In short, the person of Barack Obama, his mere existence, caused no trouble for conservatives at all.  Many kind of liked it.  (See Peggy Noonan's thoughtful, if rather left-brained, reverie: What I Saw At the Innauguration. A Mind That Suits saw much of the innauguration first hand, and thoroughly enjoyed himself.)
Perhaps this was why the faculty at Princeton did not want to be alone on Election Night: their prejudices were about to be shattered.  They need not have feared: their prejudices proved to be made of sturdy stuff.

It was Barack Obama's policies that infuriated all conservatives and a fatefully large percentage of independents.  Those policies were explicitly designed to change the character of American society, and thoughtful people didn’t like that idea at all.  (See one iteration of the oft repeated thoughts of Charles Krauthammer on this whole question.)
Very far from going nuts, disgruntled conservatives went and got educated.  They began reading all those doorstopper-sized bills and comparing them to the Constitution. For help articulating why they were so concerned, they turned to the great thinkers of the past for guidance.  They seem to have stopped at Friederich A. von Hayek and Milton Friedman, both of most happy memory. That is fine, but they need to fill in the gap between the Federalist Papers and the Schools of Austria and Chicago, starting with Edmund Burke and Alexis de Tocqueville.
The process began when they showed up at meetings and asked reasonable questions.  When they were told to sit down and do as their betters told them, they began this long and fruitful process of learning. 
And editing.  Any nuts that attached themselves to their protests were quickly banished.
One can see the same bifurcation in the differing attitudes toward antagonistic media.
Conservatives deride the MSM, to be sure, but they point at specific instances of bias and misreporting.
I have never seen any leftwing critic of Fox News bother with evidence.  It is the mere existence of Roger Ailes and company that drives them to paroxysms of rage.  Not only that, because they report things leftists would rather see go away, Fox’s use of words to report them makes those things real.  If Fox didn’t say them, they would go away, and all would be peaceful in faculty lounges throughout the land. 
Again, not convinced?  Read this post-election gem from longtime Washington Post writer Dana Milbank.   It deserves a longer treatment, and indeed, a longer treatment was what A Mind That Suits was going to give it until family matters intervened.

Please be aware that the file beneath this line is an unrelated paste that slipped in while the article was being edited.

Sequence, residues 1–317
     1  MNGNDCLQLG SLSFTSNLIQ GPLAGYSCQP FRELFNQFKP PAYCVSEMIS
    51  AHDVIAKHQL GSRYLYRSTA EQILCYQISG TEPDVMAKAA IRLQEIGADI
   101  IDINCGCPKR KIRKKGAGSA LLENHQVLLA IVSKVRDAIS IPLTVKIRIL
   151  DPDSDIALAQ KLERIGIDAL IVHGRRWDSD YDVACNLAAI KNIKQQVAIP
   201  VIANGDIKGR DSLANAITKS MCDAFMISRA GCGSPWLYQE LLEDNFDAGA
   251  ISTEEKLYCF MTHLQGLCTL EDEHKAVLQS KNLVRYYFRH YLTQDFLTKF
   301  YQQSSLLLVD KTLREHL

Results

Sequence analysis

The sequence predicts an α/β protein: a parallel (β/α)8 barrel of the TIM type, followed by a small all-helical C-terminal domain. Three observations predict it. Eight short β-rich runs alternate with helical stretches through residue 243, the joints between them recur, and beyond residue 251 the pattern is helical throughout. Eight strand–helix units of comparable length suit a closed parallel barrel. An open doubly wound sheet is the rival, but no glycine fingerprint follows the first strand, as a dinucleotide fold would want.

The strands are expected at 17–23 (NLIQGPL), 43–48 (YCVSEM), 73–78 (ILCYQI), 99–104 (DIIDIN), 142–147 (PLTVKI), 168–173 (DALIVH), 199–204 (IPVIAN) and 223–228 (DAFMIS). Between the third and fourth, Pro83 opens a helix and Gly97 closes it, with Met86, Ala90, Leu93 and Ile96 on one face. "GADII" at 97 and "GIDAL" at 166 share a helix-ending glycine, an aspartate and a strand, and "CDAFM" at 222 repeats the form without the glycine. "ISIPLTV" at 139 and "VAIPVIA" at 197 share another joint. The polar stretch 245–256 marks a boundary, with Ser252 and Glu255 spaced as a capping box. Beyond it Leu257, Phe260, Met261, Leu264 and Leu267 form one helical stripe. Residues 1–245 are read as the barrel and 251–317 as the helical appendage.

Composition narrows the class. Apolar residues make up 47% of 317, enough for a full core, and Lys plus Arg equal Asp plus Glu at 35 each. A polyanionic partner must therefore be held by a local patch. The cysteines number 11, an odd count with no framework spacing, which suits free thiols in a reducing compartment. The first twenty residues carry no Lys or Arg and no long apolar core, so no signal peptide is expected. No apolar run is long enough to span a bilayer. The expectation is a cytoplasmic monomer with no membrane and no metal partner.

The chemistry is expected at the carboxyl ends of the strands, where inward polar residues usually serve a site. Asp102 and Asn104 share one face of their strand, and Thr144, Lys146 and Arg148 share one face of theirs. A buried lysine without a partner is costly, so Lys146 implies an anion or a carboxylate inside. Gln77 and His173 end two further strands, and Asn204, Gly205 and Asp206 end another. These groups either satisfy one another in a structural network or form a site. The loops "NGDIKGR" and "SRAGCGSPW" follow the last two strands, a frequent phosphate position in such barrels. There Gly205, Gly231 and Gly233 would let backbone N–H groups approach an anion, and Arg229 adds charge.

For starters, Milbank ascribes to Fox News and the Republicans a coziness that in fact is a feature of “traditional media” reporters and the Democrats.  He also credits the Chamber of Commerce with spearheading conservative efforts in 2010, when it was in fact Ed Gillespie and Karl Rove.  There’s a lot to be said about this piece, but suffice it to say that it is the funniest thing A Mind That Suits read about the election.
One could go on, but the whole issue can be summed up thus: 
The left yammers on about how the right seeks to identify different groups as “the other” and marginalize or “disempower” them.  This is one more example of “you-do-it-too-ism.”  One need look no further than the current rantings about Tucson for confirmation.
On leftwing rage at the existence of conservatives:
A Mind That Suits is working on a painfully slow computer, but Jonah Goldberg at National Review unearthed an excellent quote from John Dos Passos's introduction to Wm. F. Buckley, Jr.'s, Up From Liberalism on the disproportion between what conservatives say and do and the violent rage with which liberals react.  He attributed it to the natural consequences of that Nietschean beast, the Will to Power.  When he tracks it down, A Mind That Suits will share it with his readers.
On the peaceful transfer of power:
Britain got there slightly later, in 1811, when the Prince Regent, the future George IV, ceded to Parliament all the power that his father, George III, had claimed for the monarchy in exchange for a fat pension with which to entertain his mistresses.  This proved, in retrospect, that the herculean efforts of the brilliant George III were but a holding action.  One can--many people have--go into the Freudian reasons the son of such a strong man was so feckless, but it was simply true that George IV gave up everything. 

But then, one cannot really expect much of a man whose family called him "Prinnie."
The United States started two generations before, with a relatively bloodless revolution and the establishment of a system that allowed the election of 1800, when Thomas Jefferson’s Republicans (now Democrats) took over from John Adams’s Federalists. 
The succession of such peaceful transfers, of course, was not unbroken.  Or rather, the succession itself was unbroken, but keeping it that way was not peaceful.  The Founders punted on the question of slavery, almost guaranteeing a Civil War, which proved, alas, that war is in fact the answer  to some things.
On the Left's failure to cite specific instances of what they complain about:
If you want some fun, ask a particularly irate leftist what specifically the Tea Partiers are demanding.  A Mind That Suits had one say they wanted to preserve only the tax cuts for "the rich," but normally they strip gears.  Very funny.
One more reaction to the reaction to the Tragedy in Tucson:
One can only look on in wonder:  despite mounting evidence that Jared Lee Loughner is a paranoid schizophrenic who scared everyone around him, the Commentariat of Your Betters has been insisting ever more loudly that it is all Sarah Palin’s fault.  The Washington Post even dedicates precious pixels to analyzing whether the graphics on her PAC’s website were gun sights—as seems obvious—or surveyor’s, as a Palin spokesman declared.
Lamely, in the eyes of A Mind That Suits.  Palin should stick by her metaphorical guns, as did recently elected Democratic Senator Joe Manchin III of West Virginia.  He famously had the anti-coal cap-and-trade bill shot in one ad—not a  re-enactment, but an actual gunshot to that stupid legislation.  He said there was nothing wrong with it, and it did not inspire violence.  Good man.  Palin’s spokesman’s evasion only gave longer legs to the story.

::: posted by A Mind That Suits at 5:11 PM